But the pace has quickened and the pool of participants widened ever since – six different teams this postseason, the most ever. In all, 18 teams – fully 60% of the Association – have at least one 40+% game on its resume. Golden State (20) and Cleveland (12) have been the most willing participants … and over the past two playoff seasons, the back-to-back Finalists sport a collective 16-9 record in these shootouts.

But all that glitters is not gold. Like that 90 point-per-quarter scoring pace, that .640 winning percentage is hardly the norm for this style of play.

Is 82 Games a Suitable Sample Size?

Ironically, exactly 82 NBA playoff games have featured a team eclipsing 40% for threes. (Weird, huh?)  Nearly half, 38 games, have occurred in the first round; 20 in Round 2; and an even dozen each in the Conference and league Finals.  Extracting the two games in which both sides hit the mark, we’re left with 80 games.

The 40+% squads hold an ever so slight 41-39 edge: Round 1 (22-15), Round 2 (12-8), Round 3 (4-7), Round 4 (3-9).

Just six franchises can boast a winning record when playing this brand of three-ball, and half of them – the Suns, Pacers and Thunder – have each played three or fewer such games. And the Cavs (7-5) and Dubs (11-9) settle in a notch above .500.

Now, these Warriors are the only team to earn a Finals victory while posting a 40+% game – their 2015 close-out Game 6 along with Games 2 & 4 this season. Oddly, until facing elimination against OKC, the Splash Bros. et al had never played more than one 40+% game in any series.

Coach Lue got his James Gang to buy into the three-ball during the regular season’s final six weeks, when his squad’s 39.4% for those 23 games topped the league. In Game 2 of the Conference Semis, Cleveland became only the second playoff team ever to surpass 50% (45 treys out of 87 FGA’s) in usage. But the Cavs lost two of three 40+% games in the Toronto series – including another “50” in which they managed to score but 85 points – and posted a usage rate below 30% for the Finals. (Hmmm!!)

The Blueprint
During their second-round rout of Coach B’s Hawks, I couldn’t help but wonder if Houston GM Daryl Morey was supplying the Cavs some surreptitious tactical advice. For some extended stretches of play, it sure seemed as if all Cleveland’s shots were from behind the arc or within the restricted area.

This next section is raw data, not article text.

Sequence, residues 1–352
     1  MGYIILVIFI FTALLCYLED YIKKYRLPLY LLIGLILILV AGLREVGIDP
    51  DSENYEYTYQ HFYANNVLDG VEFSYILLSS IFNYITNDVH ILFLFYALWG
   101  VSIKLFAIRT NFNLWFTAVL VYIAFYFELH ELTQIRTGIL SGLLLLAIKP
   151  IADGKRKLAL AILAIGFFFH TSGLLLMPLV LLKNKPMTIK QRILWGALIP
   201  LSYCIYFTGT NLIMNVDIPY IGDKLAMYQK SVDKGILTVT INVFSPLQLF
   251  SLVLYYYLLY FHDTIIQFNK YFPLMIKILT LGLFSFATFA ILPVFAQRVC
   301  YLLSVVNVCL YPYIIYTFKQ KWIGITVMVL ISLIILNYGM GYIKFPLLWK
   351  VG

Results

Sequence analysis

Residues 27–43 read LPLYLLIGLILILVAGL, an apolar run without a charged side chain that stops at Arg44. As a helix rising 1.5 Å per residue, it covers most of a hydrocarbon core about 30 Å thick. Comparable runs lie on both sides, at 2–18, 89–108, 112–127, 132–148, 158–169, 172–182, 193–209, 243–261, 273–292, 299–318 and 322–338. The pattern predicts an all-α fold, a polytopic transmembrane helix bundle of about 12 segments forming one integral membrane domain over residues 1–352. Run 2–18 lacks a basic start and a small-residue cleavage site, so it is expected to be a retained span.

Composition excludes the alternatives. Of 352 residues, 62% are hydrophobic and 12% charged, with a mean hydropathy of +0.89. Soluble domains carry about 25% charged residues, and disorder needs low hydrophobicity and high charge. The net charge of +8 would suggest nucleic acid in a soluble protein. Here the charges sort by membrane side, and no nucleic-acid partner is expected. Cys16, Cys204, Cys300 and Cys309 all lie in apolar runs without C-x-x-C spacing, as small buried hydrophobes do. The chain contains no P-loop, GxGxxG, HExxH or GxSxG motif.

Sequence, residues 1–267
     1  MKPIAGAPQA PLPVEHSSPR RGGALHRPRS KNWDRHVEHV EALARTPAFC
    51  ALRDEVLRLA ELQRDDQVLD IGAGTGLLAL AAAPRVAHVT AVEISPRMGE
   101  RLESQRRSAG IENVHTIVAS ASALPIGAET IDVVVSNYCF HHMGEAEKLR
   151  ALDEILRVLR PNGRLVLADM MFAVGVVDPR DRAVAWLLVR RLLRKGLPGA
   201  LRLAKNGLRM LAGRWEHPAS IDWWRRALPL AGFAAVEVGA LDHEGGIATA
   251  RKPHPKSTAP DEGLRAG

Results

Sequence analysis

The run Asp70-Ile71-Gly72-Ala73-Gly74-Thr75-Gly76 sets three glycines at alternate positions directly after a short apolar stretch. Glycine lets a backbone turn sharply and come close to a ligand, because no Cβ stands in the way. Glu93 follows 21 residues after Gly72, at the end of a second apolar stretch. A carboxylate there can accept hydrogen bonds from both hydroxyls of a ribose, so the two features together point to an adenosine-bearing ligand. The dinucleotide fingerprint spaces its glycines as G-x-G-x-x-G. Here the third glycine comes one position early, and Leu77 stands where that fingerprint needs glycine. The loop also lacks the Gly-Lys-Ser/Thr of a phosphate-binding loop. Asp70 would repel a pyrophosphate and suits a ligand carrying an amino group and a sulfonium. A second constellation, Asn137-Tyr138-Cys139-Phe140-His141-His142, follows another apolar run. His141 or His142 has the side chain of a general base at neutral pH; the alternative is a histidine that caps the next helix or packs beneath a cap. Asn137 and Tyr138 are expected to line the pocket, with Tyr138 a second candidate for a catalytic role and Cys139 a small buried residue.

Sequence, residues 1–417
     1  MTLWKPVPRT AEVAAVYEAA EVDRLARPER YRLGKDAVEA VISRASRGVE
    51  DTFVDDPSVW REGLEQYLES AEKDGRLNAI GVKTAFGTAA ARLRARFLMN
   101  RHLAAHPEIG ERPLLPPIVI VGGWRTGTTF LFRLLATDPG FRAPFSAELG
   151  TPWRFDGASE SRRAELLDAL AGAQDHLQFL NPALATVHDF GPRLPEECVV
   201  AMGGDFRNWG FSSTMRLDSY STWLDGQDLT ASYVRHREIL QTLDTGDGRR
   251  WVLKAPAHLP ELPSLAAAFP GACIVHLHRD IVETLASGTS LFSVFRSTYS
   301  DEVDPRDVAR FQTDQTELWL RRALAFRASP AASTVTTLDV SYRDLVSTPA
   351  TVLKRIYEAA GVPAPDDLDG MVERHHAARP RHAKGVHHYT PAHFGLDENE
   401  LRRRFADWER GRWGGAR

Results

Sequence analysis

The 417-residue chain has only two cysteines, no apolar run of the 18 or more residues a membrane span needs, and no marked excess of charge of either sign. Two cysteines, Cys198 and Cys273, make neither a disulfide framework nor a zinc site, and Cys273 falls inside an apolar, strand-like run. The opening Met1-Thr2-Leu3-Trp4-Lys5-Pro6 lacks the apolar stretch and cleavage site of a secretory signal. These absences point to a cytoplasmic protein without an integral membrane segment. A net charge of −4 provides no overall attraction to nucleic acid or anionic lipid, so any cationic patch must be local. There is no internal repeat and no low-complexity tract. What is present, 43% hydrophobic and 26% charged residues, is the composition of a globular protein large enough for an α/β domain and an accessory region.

And is that not the numerically optimal way to execute one’s offense in today’s game?

There is, however, a much better target for emulation – a team with only one loss in nine 40+% games over two postseasons, seven wins in eight tries during a 2010 run to  the Conference Final.

Certainly we recall the curious collection of glue guys (Brandon Bass, Matt Barnes, Jameer Nelson) and snipers (Rashad Lewis, Mickael Pietrus, Ryan Anderson, J. J. Reddick) Stan Van Gundy blended with a hale and healthy Dwight Howard to close out five playoff series in two years.

Along with the impressive .889 winning percentage in 40+% playoff games, these Magic Men became the first team to win a 40-Series. Also for the first time in playoff competition – and only the fifth time ever – SVG’s motley crew surpassed 50% (37 treys out of 65 FGA’s) in long-balling while finishing off a second-round sweep of Atlanta. That .569 3Par stood as the highest ever until surpassed last December by the Cavs.

And until the 2015 postseason, these Floridians were the only team to win a 40+% game beyond the second round of the playoffs. In Game 4 of the 2009 ECF against the LBJ Cavs Ver.1, the Magic launched 38 treys among their 80 shots while eking out a two-point win and putting Mr. James into a 3-1 hole out of which he was not yet equipped to climb.

You know who had a front row seat that night in Orlando … a guy who had a slightly better view of the game back on that 2014 night in Oracle Arena where we started this whole discussion?

Tyrone Lue, that’s who!